Memphis Meats cultured meat products, meatball
Memphis Meats' cultured meat products initially will include hot dogs, sausages, burgers and meatballs.

SAN FRANCISCO — “Test-tube” beef is moving beyond the lab. Memphis Meats, a company founded by three scientists, is working to become the first company to sell meat grown from animal stem cells. The company will debut Feb. 4 when the founders present to investors at Indie Bio, a biotech accelerator created by venture capital firm SOS Ventures.

Memphis Meats says it is already growing meat in small quantities using cells from cows, pigs and chickens. The company’s founders expect to have products ready to market — including hot dogs, sausages, burgers and meatballs — in less than five years. Memphis Meats said the company is closing in on a $2 million seed round of venture capital funds in addition to initial accelerator funding from SOS Ventures.

Memphis Meats plans to produce a calorie of meat from just 3 calories in inputs, instead of the typical 23 calories in feed it takes to generate 1 calorie from beef. The company’s products also “will be free of antibiotics, fecal matter, pathogens, and other contaminants found in conventional meat.”

Uma Valeti, Memphis Meats
Uma Valeti, M.D., co-founder and c.e.o. of Memphis Meats

“This is absolutely the future of meat,” said Uma Valeti, M.D., co-founder and chief executive officer of Memphis Meats. “We plan to do to the meat industry what the car did to the horse and buggy. Cultured meat will completely replace the status quo and make raising animals to eat them simply unthinkable.”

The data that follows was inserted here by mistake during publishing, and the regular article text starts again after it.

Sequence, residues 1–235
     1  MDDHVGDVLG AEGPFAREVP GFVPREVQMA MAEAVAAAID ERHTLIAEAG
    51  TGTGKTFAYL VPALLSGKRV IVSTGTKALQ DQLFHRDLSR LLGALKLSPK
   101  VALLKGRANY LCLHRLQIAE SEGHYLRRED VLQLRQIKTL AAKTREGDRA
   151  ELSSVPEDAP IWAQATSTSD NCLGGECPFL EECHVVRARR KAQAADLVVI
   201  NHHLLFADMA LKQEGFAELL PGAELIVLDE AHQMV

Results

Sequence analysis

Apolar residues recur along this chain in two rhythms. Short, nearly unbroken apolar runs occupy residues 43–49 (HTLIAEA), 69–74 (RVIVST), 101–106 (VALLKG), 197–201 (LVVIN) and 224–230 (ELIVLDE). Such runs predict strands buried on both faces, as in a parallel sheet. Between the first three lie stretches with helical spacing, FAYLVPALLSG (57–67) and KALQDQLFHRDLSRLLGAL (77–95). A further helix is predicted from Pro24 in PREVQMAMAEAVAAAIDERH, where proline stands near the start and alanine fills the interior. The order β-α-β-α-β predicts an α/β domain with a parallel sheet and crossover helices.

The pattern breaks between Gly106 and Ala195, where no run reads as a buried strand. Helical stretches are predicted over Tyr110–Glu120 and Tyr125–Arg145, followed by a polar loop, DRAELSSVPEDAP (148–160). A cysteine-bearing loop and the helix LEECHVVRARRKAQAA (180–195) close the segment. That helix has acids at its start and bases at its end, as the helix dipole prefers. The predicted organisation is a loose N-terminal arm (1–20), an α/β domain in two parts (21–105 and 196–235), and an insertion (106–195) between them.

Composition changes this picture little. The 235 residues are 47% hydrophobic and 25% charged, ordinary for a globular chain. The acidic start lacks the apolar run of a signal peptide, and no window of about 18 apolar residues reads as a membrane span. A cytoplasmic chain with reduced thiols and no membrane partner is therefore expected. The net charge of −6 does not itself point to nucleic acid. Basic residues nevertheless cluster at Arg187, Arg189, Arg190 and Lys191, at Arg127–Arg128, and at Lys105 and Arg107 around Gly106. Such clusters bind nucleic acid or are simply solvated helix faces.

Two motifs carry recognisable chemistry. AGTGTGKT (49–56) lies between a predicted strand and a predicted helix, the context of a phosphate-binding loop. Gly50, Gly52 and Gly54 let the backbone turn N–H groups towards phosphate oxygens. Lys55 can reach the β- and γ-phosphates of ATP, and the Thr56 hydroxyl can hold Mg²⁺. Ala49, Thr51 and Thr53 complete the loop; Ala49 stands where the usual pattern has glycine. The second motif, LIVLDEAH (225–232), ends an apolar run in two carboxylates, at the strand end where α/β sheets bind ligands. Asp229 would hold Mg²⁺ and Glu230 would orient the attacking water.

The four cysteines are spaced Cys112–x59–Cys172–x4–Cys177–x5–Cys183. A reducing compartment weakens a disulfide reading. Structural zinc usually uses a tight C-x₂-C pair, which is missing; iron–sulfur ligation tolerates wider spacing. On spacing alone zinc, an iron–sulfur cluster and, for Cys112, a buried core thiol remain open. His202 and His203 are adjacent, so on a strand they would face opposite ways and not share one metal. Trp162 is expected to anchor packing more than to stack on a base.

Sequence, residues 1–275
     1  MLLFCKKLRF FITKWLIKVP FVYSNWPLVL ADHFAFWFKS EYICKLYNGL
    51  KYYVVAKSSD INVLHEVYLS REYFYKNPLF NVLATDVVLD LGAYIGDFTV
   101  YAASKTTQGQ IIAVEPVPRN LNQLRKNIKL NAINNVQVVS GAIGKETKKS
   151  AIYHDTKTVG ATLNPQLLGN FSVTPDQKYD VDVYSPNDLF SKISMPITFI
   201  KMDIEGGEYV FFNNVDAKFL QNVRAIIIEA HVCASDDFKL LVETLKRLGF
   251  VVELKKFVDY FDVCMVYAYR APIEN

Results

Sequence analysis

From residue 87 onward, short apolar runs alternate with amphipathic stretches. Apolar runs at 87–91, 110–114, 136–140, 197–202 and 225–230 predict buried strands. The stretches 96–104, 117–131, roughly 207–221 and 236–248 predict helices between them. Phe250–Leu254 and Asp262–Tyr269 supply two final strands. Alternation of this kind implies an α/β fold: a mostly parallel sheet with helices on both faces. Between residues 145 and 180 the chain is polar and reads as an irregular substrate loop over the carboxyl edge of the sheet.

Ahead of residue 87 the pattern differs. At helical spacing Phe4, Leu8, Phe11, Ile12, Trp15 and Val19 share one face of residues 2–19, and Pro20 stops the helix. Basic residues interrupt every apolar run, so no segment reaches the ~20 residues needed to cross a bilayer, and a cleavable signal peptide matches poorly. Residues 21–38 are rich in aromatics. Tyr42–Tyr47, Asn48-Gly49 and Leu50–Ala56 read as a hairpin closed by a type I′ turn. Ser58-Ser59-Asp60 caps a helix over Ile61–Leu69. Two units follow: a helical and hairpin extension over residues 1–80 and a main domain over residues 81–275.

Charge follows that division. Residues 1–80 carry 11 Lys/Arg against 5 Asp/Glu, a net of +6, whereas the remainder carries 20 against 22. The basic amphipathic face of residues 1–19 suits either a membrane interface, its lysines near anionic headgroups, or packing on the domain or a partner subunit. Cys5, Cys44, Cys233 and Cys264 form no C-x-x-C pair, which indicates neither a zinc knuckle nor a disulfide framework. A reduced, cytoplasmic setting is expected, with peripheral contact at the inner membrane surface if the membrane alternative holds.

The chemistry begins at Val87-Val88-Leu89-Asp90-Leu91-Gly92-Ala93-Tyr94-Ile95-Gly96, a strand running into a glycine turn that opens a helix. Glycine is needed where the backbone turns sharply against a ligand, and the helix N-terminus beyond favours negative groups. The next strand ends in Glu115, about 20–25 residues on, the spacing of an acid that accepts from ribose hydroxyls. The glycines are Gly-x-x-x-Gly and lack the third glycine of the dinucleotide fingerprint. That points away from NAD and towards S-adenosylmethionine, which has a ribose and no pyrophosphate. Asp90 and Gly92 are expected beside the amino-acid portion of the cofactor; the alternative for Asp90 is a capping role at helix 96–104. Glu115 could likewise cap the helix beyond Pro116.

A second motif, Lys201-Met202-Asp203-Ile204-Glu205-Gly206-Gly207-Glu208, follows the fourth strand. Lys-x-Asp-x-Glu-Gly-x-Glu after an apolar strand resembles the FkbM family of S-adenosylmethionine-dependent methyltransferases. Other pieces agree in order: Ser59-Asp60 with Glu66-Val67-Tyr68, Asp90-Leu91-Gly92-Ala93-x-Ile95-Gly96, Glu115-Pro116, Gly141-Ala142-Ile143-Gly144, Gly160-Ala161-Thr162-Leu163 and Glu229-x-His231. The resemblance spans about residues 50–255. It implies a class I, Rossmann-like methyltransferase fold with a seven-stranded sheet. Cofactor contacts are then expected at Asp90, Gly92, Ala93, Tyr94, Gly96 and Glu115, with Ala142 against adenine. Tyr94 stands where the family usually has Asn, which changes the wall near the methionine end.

Mr. Valeti is a Mayo Clinic-trained cardiologist, an associate professor of medicine at the University of Minnesota, and the president of the Twin Cities American Heart Association. He founded Memphis Meats with Nicholas Genovese, Ph.D., a stem cell biologist, and Will Clem, Ph.D., a biomedical engineer who owns a chain of barbecue restaurants in Memphis.

Memphis Meats, along with Modern Meadow Inc. and Mosa Meat, aim to become the first to bring cultured beef to consumers. Mosa Meats was co-founded by Mark Post, M.D., Ph.D., chairman of physiology and vice dean of biomedical technology at Maastricht University, The Netherlands, who organized the first public tasting of a lab-grown hamburger in 2013. Mr. Post discussed the technology during the 2015 Institute of Food Technologists meeting and exposition. Google co-founder Sergei Brin provided $330,000 to create the burger.